Some feng shui practitioners will suggest using pumpkin boxes filled with certain items to attract wealth. Personally, I feel pumpkin shaped boxes are just pretty to look at, and useful for storage. They would make great additions to a kitchen or dining area to conceal spices, toothpicks, or other small items.

Gold Pumpkin Box

To make the Pumpkin Pasta Sauce, take equal parts pumpkin puree and tomato-based pasta sauce. The puree and sauce can both be made from scratch, if desired, but I usually get the canned pureed pumpkin from the supermarket (along with a store-bought pasta sauce).  But the final ingredient that I feel makes this a well-balanced dish is red wine. Depending on how much I’m making, I usually add half a cup of wine to the mix, or more if making a substantial amount of sauce. The yin of the pumpkin and tomato co-habitat well with the yang energy of the red wine.  Spice it up the way you like.  Some things I’ve added in the past are diced tomatoes, peas, minced garlic, garlic powder, sea salt, cumin, nutmeg, cinnamon, and pieces of chicken breast.  Experiment and have fun.Pumpkin Card Seed Packet

Drago Centro

In traditional feng shui folklore, the dragon is a powerful symbol of strength, success and immortality.  This creature is considered very yang in its energies, and is also a prime example of fertility.  Chinese dragons were not ferocious and cruel as portrayed by other cultures; these large flying beasts were considered benevolent and kind.  Many emperors would use the dragon as their own personal emblem.

When I think of dragons, I think of the large, modern sculpture outside of Drago Centro.  Bright orange in color, this stair-like construct adds a wonderful fire and metal element to its surroundings.  Granted, it doesn’t look literally like a dragon, but it has that feeling.

Drago Centro is one of my favorite places in Los Angeles.   Housed in the base of a highrise, Drago offers a bustling oasis amidst the rampant energies of downtown.  Upon entering, one can see some of their fine wine collection in a massive glass vault.  The restaurant is decorated in modern taste, with earth tones throughout.  They also use real slate and marble whenever possible in the decor.  The use of various earth element suggests to the diner that they are in for a very wholesome and grounding meal.

Rather than dine in their chic and stylish restaurant, I prefer the social interaction of the Lounge area.  The Lounge is dominated by a bar hued in greens and yellows (pictured above).  A marble-topped table extends the length of the space, with further seating outside.   There’s also has a special Lounge menu that changes periodically.  The food and beverages offered are choice and sophisticated.  Here’s what I had on my most recent visit:

Le Ostriche – Four mouthwatering oysters are presented on a white plate, served on a bed of salt.  I get these every time, and they are absolutely excellent.   The shell left over from the oyster is also another example of an earth element.  Seashells are not a water element, as you would think.  I could explain why, but it might ruin one’s appetite for the oysters, and everyone should try them.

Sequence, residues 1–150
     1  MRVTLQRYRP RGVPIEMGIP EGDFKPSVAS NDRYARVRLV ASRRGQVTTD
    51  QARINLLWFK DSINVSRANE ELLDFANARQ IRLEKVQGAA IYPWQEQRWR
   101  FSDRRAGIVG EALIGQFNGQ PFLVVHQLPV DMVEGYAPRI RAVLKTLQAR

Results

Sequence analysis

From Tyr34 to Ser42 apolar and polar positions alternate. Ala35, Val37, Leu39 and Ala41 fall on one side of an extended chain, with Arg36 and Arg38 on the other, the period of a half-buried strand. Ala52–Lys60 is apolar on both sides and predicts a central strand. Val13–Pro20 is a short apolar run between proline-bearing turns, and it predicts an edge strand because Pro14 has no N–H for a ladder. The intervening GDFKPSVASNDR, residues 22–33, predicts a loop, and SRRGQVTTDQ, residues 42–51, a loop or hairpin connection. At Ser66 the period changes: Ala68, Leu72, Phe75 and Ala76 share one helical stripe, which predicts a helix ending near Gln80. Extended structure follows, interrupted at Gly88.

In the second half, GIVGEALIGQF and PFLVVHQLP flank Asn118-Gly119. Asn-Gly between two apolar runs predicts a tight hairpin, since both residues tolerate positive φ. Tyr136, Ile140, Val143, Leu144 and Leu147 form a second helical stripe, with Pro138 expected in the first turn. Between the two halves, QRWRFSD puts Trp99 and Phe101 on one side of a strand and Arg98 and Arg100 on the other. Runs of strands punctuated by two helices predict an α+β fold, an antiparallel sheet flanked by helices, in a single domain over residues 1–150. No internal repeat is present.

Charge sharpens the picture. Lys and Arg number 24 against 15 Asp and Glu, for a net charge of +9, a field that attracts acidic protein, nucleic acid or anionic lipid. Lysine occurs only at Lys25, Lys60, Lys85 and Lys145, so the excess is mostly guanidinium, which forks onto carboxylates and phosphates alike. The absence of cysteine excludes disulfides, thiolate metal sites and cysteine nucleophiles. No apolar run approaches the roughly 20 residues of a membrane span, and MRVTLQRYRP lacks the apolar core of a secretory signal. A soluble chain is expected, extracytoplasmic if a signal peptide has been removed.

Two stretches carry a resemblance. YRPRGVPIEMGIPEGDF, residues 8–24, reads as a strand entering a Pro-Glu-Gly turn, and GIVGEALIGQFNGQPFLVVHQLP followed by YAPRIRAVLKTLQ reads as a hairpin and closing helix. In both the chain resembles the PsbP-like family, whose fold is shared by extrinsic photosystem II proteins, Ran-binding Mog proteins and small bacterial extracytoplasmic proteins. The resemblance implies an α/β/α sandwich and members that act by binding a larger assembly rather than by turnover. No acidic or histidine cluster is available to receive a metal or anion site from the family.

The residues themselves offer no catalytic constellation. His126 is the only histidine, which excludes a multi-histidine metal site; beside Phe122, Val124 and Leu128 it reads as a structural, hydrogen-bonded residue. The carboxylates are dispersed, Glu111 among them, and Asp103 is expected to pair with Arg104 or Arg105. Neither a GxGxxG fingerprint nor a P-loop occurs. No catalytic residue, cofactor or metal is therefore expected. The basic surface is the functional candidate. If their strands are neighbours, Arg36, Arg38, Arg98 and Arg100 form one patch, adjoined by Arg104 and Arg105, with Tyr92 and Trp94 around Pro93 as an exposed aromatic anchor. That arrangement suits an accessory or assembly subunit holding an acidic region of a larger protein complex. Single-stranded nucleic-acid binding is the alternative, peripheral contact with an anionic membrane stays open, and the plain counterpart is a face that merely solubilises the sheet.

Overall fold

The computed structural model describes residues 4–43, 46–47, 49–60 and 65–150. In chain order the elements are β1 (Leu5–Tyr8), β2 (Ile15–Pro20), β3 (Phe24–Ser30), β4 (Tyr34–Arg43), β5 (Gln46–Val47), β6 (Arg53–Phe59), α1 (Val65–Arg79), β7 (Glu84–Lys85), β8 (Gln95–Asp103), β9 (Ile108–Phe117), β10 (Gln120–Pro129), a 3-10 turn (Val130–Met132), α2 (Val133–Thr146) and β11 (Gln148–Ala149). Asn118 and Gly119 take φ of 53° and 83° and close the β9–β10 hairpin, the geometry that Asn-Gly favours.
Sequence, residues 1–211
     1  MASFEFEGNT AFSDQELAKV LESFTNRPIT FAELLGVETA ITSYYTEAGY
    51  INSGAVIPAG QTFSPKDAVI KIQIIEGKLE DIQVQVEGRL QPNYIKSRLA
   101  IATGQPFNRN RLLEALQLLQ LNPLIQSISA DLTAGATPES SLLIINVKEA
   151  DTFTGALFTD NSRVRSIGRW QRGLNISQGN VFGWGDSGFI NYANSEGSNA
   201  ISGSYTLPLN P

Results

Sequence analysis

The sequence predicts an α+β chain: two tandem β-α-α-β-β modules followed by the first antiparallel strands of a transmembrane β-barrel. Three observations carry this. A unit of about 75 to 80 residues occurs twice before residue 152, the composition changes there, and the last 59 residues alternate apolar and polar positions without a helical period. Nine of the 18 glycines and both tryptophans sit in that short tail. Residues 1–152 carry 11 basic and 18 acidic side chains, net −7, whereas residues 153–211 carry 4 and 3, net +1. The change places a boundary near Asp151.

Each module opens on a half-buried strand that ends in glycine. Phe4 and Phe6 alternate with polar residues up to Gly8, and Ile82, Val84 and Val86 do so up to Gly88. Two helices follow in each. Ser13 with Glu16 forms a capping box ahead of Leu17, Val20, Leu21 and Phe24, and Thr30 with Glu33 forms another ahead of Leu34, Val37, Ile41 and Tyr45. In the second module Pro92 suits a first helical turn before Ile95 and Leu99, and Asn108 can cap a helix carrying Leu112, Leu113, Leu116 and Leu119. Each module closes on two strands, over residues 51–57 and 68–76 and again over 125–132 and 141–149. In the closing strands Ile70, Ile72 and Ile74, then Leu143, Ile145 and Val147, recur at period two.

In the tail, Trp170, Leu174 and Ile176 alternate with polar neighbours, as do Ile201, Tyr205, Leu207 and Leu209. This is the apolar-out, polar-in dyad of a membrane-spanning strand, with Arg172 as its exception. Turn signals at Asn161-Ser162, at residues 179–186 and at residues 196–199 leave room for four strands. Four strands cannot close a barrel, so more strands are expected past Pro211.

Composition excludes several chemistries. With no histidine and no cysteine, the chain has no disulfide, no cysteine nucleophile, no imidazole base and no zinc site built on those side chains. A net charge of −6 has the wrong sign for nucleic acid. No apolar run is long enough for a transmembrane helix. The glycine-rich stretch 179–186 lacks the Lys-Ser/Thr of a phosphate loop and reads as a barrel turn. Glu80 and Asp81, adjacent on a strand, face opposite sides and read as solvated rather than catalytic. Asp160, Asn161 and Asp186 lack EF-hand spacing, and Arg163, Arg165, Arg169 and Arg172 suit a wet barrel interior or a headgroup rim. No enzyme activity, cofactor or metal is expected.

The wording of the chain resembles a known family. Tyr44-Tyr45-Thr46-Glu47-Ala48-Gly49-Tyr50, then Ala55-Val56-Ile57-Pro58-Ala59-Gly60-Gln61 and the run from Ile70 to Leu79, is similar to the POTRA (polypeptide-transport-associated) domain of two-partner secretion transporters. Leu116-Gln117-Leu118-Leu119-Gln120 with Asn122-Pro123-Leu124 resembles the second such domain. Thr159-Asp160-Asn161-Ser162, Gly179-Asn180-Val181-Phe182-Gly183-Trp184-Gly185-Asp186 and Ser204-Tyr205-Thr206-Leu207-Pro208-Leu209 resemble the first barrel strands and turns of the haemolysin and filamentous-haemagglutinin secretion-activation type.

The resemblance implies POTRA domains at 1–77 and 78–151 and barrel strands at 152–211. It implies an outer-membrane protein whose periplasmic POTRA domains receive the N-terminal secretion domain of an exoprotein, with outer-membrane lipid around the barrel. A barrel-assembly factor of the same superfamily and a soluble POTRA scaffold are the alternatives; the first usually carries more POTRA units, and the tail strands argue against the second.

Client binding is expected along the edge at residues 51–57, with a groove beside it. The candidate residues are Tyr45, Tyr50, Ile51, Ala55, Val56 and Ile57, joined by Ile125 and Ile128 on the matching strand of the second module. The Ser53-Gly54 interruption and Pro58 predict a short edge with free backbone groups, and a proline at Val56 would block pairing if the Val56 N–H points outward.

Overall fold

La Pizza Margherita – A Classic!  Tomato sauce and mozzarella cheese create the perfect balance atop a flatbread.  Fresh basil, a must for any margherita, embellishes the creation, adding a savory wood element to the meal.   Basil can be considered a wood element for two primary reasons.  One, its green in color, and green is associated with wood.  Two, basil is a plant, as are trees.  Hence, the wood element is present.

El Diablo – This drink takes yin and yang theory to a new level.  One of the basics in many Chinese philosophies,  yin and yang theory deals with how opposites are dependent upon one another, and both must exist together to achieve perfect balance and harmony.   And within each side of these contrary forces dwells a part of its exact opposite.   For example, night is dark, but there is bright moon present for light.  Hence, darkness (yin) with a little piece of light (yang) within it at all times.

The yin of the lime juice and cassis liqueur, with the yang of the ginger beer and tequila in the El Diablo, create a good balance of ingredients.  Also, two ingredients are alcoholic and two are not , illustrating another example of symmetry.   It also has two ingredients that are no stranger to one another (limes and tequila) paired with two items that are usually not comrades (cassis and ginger beer).

The fire element is also present in the beverage, both in its name and color.  As for its taste – its sheer perfection.

Calamari –  Tendrils of luxurious calamari breaded and served upon a napkin.  Notice in the picture above how it looks as if the calamari is within a flower, with how the napkin is folded.  This little touch suggest to the diner that they are eating something natural, beautiful and fresh.  A delicious aioli filled with enticing herbs  is served alongside.

Il Tramezzino – A luscious pressed panini served with provolone and prosciutto.  But what really make this sandwich auspicious is the black truffle butter used.  Wrapped in brown paper, the smell of truffles add a powerful aromatic chi (good energy) to the air.

Some other things I’ve tried there recently were:

  • Planeta Chardonnay – Sadly no longer offered on their Lounge menu, this was a very nice white wine, with hints of crisp pear.  It may still be available, just not on the Lounge menu.
  • Castelvero Barbera – A divine red that warms the soul.
  • The Derby – Vermouth, bourbon, and orange curcao trio together well in this vintage inspired beverage.

Another touch I really like here, oddly enough, are the place mats.  They’re of a woven mesh, pseudo-square in design, witch lends a subconscious stability and appeal to anything served upon it.   Drago does provide free parking, or one can take the red line to the nearby 7th Street Metro stop, and then proceed two or so blocks.  The Lounge menu is served throughout the day and evening, seven days a week, with most of the items averaging in the $6.00 – $7.00 range.  In fact, I have a feeling I’ll be there again next week…

Drago Centro

525 South Flower Street, Los Angeles, CA 90071

213  228-8998

Hours:    Lounge open Monday – Saturday  5:00pm – 10:00pm,  Sunday 5:00pm – 9:00pm

http://www.dragocentro.com/